Ownership Changes Have Catalyzed Success in MLB
KANSAS CITY, Mo. — The Royals are having a successful August against a stiff schedule, posting a 14-10 record mostly against teams that are racing for the playoffs. What’s making more news for the Royals is a newspaper ad airing out grievances against owner David Glass in the Kansas City Star.
The ad was paid for by a group raising funds on a website called no-more-glass.com, and their next move is to print t-shirts and pay for a banner to fly over Kauffman Stadium.
However, Royals fans don’t need to see an airborne banner telling them they need a new owner, they need to pay attention to how new ownership has changed the fortunes for the Texas Rangers and Los Angeles Dodgers.
Both the Rangers and Dodgers went through dismal ownership situations where Major League Baseball stepped in and took control from non-committed owners. They both benefited almost instantly once baseball sold them to dedicated ownership groups. These teams are also using former sports superstars as its front men to show the public a new commitment, all of it a very timely guide for disgruntled Royals fans.
The Dodgers are now flush with cash after Guggenheim Baseball, headed by former NBA star Magic Johnson, purchased the team for $2 billion. The sale enabled the Dodgers to make moves that increased payroll and have made them a contender for the National League pennant. They started by trading for disgruntled star Hanley Ramirez from the Miami Marlins and this weekend they completed a blockbuster deal with the Boston Red Sox. In exchange for prospects the Dodgers got a package highlighted by Adrian Gonzalez, Josh Beckett and Carl Crawford.
While the move may be costly in terms of dollars and prospects, it makes the Dodgers a legitimate threat to win the National League this year. This move bolsters a team that already had a few key pieces in place with Matt Kemp and last year’s NL Cy Young winner, Clayton Kershaw.
Without the right ownership in place this deal would not have happened, as these trades have significantly inflated the Dodgers’ payroll for this year and years down the road.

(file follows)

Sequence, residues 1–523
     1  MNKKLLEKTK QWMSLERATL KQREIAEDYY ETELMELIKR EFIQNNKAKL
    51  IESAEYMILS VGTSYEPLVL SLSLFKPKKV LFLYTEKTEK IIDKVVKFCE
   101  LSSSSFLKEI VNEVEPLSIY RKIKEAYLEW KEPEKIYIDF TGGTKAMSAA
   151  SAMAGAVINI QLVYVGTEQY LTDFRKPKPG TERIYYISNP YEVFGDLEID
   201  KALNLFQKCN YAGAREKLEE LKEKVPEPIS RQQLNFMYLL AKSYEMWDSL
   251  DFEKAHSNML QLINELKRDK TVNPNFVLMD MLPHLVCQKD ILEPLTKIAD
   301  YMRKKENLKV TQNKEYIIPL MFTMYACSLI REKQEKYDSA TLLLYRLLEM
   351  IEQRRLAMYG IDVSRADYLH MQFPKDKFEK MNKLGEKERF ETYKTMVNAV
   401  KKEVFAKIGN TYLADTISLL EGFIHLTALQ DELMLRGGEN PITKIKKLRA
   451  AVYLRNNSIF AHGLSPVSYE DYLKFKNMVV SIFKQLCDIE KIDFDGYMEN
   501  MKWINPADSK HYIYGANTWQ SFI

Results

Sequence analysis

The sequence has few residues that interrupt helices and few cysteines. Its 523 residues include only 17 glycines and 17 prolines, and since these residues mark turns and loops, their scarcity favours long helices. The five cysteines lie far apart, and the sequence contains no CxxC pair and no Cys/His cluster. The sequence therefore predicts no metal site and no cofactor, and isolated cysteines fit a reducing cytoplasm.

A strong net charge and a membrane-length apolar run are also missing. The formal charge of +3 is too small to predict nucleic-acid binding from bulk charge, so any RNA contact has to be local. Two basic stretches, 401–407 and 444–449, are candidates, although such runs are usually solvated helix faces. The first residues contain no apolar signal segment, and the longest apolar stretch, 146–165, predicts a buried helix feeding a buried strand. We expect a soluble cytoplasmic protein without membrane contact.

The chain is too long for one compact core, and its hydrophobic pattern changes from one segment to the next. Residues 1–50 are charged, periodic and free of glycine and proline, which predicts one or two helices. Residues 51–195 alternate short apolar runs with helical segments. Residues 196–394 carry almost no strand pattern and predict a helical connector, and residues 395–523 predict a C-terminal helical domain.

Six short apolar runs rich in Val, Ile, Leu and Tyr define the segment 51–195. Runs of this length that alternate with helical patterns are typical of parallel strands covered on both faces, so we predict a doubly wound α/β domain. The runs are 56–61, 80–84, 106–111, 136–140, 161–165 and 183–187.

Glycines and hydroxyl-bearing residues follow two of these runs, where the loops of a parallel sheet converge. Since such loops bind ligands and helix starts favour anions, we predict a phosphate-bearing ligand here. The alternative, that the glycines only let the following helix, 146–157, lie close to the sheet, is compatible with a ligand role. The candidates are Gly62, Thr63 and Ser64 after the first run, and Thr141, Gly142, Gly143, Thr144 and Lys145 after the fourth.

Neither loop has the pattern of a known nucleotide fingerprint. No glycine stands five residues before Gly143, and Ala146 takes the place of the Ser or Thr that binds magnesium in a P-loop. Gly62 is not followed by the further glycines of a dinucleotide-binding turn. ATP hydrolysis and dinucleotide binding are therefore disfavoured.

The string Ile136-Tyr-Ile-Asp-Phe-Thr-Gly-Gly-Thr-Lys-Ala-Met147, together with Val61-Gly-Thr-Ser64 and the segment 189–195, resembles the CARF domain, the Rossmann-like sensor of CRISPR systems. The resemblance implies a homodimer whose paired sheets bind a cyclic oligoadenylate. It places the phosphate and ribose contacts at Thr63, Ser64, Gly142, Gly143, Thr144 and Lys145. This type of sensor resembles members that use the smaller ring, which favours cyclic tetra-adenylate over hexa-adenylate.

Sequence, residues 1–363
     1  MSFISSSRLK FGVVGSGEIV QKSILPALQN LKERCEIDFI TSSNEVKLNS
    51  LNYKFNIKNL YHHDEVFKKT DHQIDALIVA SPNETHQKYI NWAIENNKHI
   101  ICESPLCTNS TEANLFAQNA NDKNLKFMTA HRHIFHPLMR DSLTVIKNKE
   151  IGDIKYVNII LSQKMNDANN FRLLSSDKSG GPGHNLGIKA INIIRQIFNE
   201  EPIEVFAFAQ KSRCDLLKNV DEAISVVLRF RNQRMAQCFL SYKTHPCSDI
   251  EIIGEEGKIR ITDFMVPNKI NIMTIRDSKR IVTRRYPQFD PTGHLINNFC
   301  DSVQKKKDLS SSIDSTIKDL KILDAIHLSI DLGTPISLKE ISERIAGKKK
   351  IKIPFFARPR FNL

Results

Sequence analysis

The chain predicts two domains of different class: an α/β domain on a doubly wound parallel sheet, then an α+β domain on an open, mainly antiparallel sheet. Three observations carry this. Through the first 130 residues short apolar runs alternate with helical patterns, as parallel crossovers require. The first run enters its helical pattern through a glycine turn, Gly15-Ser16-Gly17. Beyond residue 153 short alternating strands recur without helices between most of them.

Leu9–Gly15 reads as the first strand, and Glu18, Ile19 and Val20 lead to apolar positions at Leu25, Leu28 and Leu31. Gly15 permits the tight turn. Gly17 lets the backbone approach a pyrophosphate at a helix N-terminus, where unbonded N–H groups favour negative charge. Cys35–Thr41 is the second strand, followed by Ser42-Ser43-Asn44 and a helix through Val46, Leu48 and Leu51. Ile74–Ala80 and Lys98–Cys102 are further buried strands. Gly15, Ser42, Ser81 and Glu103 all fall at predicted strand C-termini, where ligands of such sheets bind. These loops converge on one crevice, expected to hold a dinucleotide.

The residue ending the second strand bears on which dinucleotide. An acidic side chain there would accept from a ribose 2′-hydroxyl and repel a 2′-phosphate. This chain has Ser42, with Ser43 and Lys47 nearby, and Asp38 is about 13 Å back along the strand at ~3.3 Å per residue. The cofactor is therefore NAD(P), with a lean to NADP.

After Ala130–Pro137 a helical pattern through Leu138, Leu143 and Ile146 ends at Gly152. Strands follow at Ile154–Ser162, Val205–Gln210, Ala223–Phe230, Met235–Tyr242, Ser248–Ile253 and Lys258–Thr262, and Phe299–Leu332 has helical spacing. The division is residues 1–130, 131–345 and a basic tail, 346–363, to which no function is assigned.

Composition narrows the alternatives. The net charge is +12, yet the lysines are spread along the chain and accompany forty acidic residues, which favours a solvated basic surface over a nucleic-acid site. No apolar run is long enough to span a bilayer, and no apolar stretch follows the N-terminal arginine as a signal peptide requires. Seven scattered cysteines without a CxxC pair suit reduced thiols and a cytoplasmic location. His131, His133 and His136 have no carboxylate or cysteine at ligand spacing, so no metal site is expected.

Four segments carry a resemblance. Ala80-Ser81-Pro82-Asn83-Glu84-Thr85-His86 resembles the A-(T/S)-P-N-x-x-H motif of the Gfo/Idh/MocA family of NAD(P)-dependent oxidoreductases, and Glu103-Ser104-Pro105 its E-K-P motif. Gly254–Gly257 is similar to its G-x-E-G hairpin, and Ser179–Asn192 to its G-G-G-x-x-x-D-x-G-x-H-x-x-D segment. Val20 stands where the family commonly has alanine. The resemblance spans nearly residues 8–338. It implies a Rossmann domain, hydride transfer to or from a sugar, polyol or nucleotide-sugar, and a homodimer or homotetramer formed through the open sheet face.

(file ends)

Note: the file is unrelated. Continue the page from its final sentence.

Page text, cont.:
The Texas Rangers are two-time defending American League champions and have had more time than the Dodgers to build its roster but have similarly bolstered their roster through trades.
In 2010 when the Rangers were acquired by a group led by MLB Hall of Famer Nolan Ryan, they already had a core group in place of players like Josh Hamilton, Ian Kinsler and Nelson Cruz. New bosses allowed them to make a move for left-handed pitcher Cliff Lee, which helped push them into the World Series.
Also, the past two years they’ve made big off-season moves to bring in all-star Adrian Beltre and Japanese pitching star Yu Darvish. Beltre was pivotal in leading them back to the 2011 World Series and Darvish is expected to play a key role in the Rangers’ rotation during the stretch run.
This organization was once known for the abysmal free agency acquisitions, like the 10-year, $252 million Alex Rodriguez contract. Now they spend money, but mostly on younger, controllable core players that fit into their system. They’ve also developed a reputation for being a shrewd organization in the trade market.
While most of the credit for their successful recent trade history should go to Jon Daniels, he’s been afforded the ability to do a good job because he has had flexibility to add payroll.
So where does this leave the Royals? If Glass were to sell the Royals, this team has the blueprint to follow in the footsteps of the Rangers and Dodgers. They have a good young core of Billy Butler, Eric Hosmer and Mike Moustakas to build around. A new owner could allow the general manager, Dayton Moore or whoever, to utilize the Royals’ farm system to make a trade or two for the pitching that the Royals have desperately needed. It could also make the Royals a player in free agency, both in terms of bringing in new talent and retaining existing talent that has too often walked away in the past.
Any prospective new owner would be smart to bring in a Royals legend as a front man, George Brett easily comes to mind.
For now though, it’s all a dream, and those dreams fall at the feet of a man who doesn’t often find himself seated amongst the faithful at Kauffman Stadium.